Could quantum advantage be achieved using quantum simulator?

Quantum simulators (e.g. PennyLane’s built-in simulator default.qubit) can be installed in classical computers and we can implement quantum algorithms with them. I guess quantum simulators are actually performing matrix multiplications when simulating quantum operations. Even quantum entanglement can be simulated using the matrix representation of CNOT gate. If this is the case, how quantum simulators are different from classical computers which do the same thing, and is it possible to achieve any quantum advantage using them?

Hey @gojiita_ku, you can simulate a quantum computer on a classical computer but the resources used for the simulation are exponential. The size of the system grows as 2^n with n qubits. Thus, very quickly it becomes unrealistic to simulate larger systems. Real value of quantum computing comes from its use in simulating large quantum systems or the various quantum algorithms like Shor’s that require a very large number of qubits. This can not be done on a simulator as the system is too big.
You can try it out yourself. Increase the number of qubits in the default.qubit simulator and you’ll find that it becomes slower and slower.

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Hi @ankit27kh, thanks so much for your explanation! I agree that the resources for simulating a quantum computer on a classical computer are exponential and it would be unrealistic to simulate large quantum systems.

Recently I read this tutorial from Qiskit, which is about applying QAOA and VQE to solving portfolio optimization problems. A classical method is also provided as a benchmark model in this tutorial. Following this tutorial, I performed a set of experiments. When the number of assets is small (e.g. 4), it takes much longer time for QAOA to solve the problem than classical method. Then I increased the number of assets without changing other hyper-parameters and checked the running times of both QAOA and classical method. I found when the number of assets reaches about 25, QAOA starts to run faster than classical method. When the number is 29, QAOA can demonstrate about 3X speedup over classical method. It seems like QAOA has a polynomial time complexity while classical method has an exponential time complexity. All experiments were conducted in my local classical computer. So can we consider this speedup as a quantum advantage obtained from a quantum algorithm itself rather than the quantum simulator?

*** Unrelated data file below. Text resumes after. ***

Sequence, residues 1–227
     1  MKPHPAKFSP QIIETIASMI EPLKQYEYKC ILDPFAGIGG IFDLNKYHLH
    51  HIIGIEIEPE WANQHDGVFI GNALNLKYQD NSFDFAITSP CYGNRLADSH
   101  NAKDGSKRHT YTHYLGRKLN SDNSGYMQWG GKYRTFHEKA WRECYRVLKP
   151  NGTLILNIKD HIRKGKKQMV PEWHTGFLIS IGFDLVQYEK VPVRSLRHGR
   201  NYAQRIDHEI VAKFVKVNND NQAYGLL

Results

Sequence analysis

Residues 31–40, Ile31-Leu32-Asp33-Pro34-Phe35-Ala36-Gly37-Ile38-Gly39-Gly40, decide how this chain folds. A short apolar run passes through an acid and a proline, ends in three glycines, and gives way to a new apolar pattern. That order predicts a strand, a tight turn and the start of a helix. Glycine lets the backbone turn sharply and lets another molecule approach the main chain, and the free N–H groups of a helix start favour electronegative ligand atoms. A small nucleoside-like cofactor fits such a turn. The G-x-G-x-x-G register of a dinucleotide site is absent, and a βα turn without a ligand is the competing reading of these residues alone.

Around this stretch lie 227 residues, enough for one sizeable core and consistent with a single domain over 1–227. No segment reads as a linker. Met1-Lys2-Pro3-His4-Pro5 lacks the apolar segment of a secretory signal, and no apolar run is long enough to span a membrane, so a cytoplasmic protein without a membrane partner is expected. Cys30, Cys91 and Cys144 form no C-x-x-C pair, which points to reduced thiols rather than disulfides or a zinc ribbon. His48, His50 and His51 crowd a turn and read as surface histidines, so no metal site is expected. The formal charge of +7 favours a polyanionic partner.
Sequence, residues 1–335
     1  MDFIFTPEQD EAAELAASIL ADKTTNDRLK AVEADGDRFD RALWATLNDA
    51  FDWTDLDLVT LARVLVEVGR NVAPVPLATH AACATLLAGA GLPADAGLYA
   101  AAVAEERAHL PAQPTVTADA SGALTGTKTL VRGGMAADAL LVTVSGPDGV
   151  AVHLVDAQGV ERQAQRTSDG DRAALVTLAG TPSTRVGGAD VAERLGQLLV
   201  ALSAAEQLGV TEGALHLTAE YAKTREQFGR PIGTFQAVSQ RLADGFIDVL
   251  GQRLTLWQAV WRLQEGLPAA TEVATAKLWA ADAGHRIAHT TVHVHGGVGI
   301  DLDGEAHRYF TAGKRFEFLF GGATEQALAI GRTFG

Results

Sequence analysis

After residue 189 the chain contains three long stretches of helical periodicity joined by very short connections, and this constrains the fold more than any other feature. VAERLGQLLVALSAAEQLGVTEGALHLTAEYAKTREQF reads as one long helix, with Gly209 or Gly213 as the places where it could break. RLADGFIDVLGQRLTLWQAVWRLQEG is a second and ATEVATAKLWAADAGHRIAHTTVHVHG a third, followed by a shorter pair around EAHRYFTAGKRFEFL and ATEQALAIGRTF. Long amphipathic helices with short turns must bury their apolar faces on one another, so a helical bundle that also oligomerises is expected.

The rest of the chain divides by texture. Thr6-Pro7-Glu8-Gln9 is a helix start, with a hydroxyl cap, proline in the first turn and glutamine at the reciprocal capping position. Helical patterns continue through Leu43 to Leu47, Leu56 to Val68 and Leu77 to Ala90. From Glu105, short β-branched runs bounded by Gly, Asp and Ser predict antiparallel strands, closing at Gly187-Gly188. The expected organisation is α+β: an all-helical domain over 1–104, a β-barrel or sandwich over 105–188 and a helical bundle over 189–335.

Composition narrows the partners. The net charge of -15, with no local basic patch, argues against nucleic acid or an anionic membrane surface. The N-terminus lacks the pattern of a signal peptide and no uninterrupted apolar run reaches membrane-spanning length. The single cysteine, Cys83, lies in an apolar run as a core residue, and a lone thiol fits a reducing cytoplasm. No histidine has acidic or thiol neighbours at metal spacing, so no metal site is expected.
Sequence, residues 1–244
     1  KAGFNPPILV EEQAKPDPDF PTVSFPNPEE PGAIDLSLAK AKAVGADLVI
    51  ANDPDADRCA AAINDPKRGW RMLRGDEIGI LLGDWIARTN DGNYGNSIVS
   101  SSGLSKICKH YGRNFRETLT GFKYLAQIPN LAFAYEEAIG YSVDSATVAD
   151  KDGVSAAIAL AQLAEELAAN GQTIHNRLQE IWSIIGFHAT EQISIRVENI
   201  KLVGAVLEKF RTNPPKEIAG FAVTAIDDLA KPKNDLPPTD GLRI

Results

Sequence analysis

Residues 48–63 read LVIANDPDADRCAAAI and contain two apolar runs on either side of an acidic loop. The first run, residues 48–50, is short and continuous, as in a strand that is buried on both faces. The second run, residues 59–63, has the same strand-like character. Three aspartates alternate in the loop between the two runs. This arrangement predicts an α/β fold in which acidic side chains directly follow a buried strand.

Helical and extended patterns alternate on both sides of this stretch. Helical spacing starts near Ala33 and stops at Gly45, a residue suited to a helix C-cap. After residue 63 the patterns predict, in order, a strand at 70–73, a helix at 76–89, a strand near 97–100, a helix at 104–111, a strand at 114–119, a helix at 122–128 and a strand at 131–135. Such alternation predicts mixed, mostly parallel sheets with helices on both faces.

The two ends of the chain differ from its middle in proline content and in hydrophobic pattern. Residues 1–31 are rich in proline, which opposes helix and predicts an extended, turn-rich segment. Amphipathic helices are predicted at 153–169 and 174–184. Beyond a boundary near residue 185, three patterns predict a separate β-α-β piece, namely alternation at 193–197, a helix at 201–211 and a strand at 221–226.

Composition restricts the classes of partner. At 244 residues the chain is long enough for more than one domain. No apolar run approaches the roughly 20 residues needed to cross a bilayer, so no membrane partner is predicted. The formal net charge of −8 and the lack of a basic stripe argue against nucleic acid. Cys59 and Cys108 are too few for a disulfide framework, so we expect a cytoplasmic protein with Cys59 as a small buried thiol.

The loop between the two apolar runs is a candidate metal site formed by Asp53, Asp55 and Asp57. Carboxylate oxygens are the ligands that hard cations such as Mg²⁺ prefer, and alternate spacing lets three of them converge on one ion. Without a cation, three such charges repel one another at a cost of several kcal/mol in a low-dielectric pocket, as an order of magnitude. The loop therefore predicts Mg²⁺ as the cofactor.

What I mean is as follows. Quantum simulators can not provide quantum advantage, due to the required exponential resources. But quantum algorithms, even implemented on classical computers, can still help achieve quantum advantage when solving certain problems.

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Hey @gojiita_ku !

Demonstrating a quantum advantage involves a real-world task being performed on a real quantum device that would otherwise be impossible on a classical one. Indeed, implementing quantum algorithms on a quantum device to solve some task that would otherwise be impossible classically would constitute demonstrating a “quantum advantage”. In that sense, quantum algorithms certainly help! Unfortunately, merely simulating quantum algorithms doesn’t suffice.

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Hi @isaacdevlugt, thanks for your reply!

So what do you mean by merely simulating quantum algorithms?